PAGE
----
NFS Server on ESPRESSObin

This page will show how to run a NFS server on your ESPRESSObin running either Ubuntu 14.04 or Ubuntu 16.04. We will be using an NFS server to share a directory located on our ESPRESSObin with other devices on the same network but will not cover any authentication security measures.


Install the NFS server on ESPRESSObin running Ubuntu file system with:

root@localhost:~# apt-get install nfs-kernel-server

On the client side check for your distribution's required NFS packages. For Ubuntu:

espressobin@buildserver:~$ sudo apt-get install nfs-common



For example, let us say we have a /home/music/ directory on our ESPRESSObin board which contains some music we want to export:

root@localhost:/home# ls music/
01 - Space Oddity.mp3  02 - The Man Who Sold The World.mp3  04. One.mp3  08. Fade To Black.mp3

To export it, we need an export file system first. We will keep all our exports in a single directory we will name espressobin_export from which on we will mount other directories using the --bind option as will be shown later. So, first we create the export file system:

root@localhost:~# mkdir -p /espressobin_export/music

We will be accessing the NFS share from the client without LDAP/NIS authentication, so it is important that both /export and /export/music have 777 permissions and have nobody:nogroup credentials. Additional configurations are needed when using authentication but they will not be covered here.

To set these permissions, do:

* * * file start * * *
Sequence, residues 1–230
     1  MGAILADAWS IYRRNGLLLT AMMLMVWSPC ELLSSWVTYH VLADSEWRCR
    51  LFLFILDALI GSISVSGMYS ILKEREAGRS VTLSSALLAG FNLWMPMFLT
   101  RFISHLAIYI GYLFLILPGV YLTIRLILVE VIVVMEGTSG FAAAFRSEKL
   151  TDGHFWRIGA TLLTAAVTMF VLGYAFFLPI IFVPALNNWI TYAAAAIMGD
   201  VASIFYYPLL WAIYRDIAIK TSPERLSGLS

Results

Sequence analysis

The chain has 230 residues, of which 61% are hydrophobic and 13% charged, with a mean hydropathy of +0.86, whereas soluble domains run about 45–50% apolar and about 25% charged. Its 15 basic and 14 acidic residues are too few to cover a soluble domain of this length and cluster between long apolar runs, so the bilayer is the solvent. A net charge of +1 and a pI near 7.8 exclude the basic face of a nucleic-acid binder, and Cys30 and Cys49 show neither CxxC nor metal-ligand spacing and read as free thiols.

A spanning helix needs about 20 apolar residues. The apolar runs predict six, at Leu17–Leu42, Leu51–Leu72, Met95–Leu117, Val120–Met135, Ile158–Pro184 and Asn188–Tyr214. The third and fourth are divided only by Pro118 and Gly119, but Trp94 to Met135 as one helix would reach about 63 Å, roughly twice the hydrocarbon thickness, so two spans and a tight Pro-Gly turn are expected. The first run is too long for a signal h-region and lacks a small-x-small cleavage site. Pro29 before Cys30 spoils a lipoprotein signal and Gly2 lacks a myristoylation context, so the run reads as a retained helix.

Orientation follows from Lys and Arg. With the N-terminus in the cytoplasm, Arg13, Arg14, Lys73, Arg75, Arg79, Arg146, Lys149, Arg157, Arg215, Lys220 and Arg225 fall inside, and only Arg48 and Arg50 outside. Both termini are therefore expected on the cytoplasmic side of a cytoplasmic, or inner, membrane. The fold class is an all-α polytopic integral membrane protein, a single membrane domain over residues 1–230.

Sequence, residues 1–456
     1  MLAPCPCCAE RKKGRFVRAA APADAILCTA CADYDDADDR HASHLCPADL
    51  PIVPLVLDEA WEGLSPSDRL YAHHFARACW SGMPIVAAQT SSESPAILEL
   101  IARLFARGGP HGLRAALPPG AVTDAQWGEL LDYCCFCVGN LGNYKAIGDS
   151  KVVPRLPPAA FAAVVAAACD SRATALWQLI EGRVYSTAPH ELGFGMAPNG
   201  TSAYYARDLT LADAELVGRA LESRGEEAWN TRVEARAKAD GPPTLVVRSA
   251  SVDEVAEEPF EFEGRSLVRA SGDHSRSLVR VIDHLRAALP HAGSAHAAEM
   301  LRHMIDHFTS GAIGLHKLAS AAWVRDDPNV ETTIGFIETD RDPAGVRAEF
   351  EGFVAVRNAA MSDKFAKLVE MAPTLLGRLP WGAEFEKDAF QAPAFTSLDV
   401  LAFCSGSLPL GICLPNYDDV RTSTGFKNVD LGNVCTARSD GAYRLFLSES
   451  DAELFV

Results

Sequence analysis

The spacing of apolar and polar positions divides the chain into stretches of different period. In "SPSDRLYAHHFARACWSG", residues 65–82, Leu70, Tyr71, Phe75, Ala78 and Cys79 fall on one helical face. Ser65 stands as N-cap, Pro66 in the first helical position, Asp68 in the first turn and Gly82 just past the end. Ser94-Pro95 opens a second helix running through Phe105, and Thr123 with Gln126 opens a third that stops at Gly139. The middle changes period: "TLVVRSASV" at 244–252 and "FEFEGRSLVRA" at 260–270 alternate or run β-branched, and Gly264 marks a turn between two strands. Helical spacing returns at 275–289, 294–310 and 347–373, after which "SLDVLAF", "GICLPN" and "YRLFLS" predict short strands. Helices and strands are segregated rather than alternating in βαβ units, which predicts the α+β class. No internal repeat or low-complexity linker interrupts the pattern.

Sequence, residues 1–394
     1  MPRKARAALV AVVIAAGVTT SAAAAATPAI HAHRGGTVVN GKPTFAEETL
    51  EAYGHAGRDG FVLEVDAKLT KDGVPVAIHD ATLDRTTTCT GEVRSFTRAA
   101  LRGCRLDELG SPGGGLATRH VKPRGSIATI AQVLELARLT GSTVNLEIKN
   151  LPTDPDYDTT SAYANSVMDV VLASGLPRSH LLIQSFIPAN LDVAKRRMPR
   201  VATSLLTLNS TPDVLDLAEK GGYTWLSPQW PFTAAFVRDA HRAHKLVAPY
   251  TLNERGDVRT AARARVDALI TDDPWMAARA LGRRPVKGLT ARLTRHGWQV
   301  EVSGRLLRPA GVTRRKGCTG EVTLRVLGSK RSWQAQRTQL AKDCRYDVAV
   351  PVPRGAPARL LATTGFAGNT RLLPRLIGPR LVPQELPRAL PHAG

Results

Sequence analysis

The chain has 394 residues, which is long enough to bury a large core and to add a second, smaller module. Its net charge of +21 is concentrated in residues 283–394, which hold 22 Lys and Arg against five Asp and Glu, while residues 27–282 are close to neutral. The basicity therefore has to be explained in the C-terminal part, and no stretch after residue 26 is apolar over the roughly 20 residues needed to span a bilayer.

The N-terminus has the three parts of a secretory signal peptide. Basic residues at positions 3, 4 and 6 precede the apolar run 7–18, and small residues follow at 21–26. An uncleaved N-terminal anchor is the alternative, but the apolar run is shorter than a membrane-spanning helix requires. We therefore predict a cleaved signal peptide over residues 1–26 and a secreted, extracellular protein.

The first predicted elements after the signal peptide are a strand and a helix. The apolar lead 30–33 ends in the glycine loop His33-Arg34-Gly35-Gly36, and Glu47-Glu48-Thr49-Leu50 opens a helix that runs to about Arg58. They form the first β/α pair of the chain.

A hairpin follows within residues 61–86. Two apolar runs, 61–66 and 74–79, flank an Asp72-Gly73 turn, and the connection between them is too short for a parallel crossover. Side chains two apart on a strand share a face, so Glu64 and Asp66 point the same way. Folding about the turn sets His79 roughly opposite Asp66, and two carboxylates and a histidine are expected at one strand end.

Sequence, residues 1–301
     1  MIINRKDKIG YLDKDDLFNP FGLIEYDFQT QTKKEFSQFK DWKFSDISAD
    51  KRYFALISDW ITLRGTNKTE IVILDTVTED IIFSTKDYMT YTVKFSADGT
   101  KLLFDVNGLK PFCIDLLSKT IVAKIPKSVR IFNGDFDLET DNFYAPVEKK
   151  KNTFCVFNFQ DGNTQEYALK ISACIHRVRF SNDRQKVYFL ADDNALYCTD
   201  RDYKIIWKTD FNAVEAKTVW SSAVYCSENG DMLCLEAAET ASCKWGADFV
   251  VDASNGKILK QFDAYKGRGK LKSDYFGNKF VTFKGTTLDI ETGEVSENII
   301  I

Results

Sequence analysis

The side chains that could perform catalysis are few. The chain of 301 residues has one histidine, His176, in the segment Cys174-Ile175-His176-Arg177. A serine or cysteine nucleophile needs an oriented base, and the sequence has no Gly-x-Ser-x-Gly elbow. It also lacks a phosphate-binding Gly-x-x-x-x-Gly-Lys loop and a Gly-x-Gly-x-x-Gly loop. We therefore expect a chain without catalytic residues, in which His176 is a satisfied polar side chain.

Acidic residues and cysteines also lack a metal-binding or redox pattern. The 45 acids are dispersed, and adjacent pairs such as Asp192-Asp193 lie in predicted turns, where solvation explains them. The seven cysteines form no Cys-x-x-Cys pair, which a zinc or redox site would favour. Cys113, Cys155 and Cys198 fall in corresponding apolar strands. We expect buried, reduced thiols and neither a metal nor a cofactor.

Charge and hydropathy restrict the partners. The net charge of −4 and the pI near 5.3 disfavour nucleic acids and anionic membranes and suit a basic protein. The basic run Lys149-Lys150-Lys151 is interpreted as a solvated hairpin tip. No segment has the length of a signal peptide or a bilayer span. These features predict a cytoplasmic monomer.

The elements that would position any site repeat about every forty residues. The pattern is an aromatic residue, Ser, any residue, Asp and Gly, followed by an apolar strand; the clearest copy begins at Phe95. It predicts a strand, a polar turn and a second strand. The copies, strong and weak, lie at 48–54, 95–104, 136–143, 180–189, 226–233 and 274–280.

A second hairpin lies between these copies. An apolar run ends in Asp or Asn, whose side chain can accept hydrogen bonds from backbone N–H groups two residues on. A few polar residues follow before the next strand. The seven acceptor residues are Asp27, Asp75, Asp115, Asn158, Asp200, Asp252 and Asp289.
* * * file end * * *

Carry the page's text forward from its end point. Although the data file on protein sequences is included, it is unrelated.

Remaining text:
root@localhost:/# chmod -R 777 espressobin_export/
root@localhost:/# chown -R nobody:nogroup espressobin_export/

Now we mount the "real" /home/music directory to our "export" one with:

root@localhost:/# mount --bind /home/music /espressobin_export/music

The /espressobin_export/music/ directory now of course contains files from /home/music/ directory:

root@localhost:/# ls espressobin_export/music/
01 - Space Oddity.mp3  02 - The Man Who Sold The World.mp3  04. One.mp3  08. Fade To Black.mp3

To automatically mount this directory on every reboot, add this line to /etc/fstab:

/home/music   /espressobin_export/music   none   bind   0   0

At this stage, check that both the server (ESPRESSObin) and the client (your laptop/computer) have correct domain names in /etc/idmapd.conf file, meaning that they have the same Mapping section:


Nobody-User = nobody
Nobody-Group = nogroup

Now to export our directories to a local network (in our case, in the ESPRESSObin console we head to /etc/exports file and add the following lines:


As can be seen above, the syntax for adding clients looks something like this:

directory_to_export    client(share_option1,...,share_option)

where our options are:

  • rw → Allowing the client both read and write access to the shared directories.
  • fsid=0 → Specifying /home/espressobin_export as our root directory.
  • no_subtree_check → This option prevents subtree checking.
  • sync → Forcing NFS to write changes to disk before replying.

See exports man page for more options on how to configure share exporting. Now we export the shares using:

root@localhost:/home# exportfs -ra

Note that you may need to issue this command every time you update /etc/exports file. You may also need to restart the nfs-kernel-server service:

root@localhost:/home# service nfs-kernel-server restart

On the client (your Linux machine) we now simply mount what we have exported previously. We do that with:

espressobin@buildserver:~$ sudo mount -o proto=tcp,port=2049 /media

where is the IP address of our ESPRESSObin NFS server, /espressobin_export is the afore-defined directory we want to export, and /media is where we want this directory to be mounted on our Linux machine. Of course, now you can access your exported files, for example:

espressobin@buildserver:~$ cd /media
espressobin@buildserver:~$ ls music/
01 - Space Oddity.mp3  02 - The Man Who Sold The World.mp3  04. One.mp3  08. Fade To Black.mp3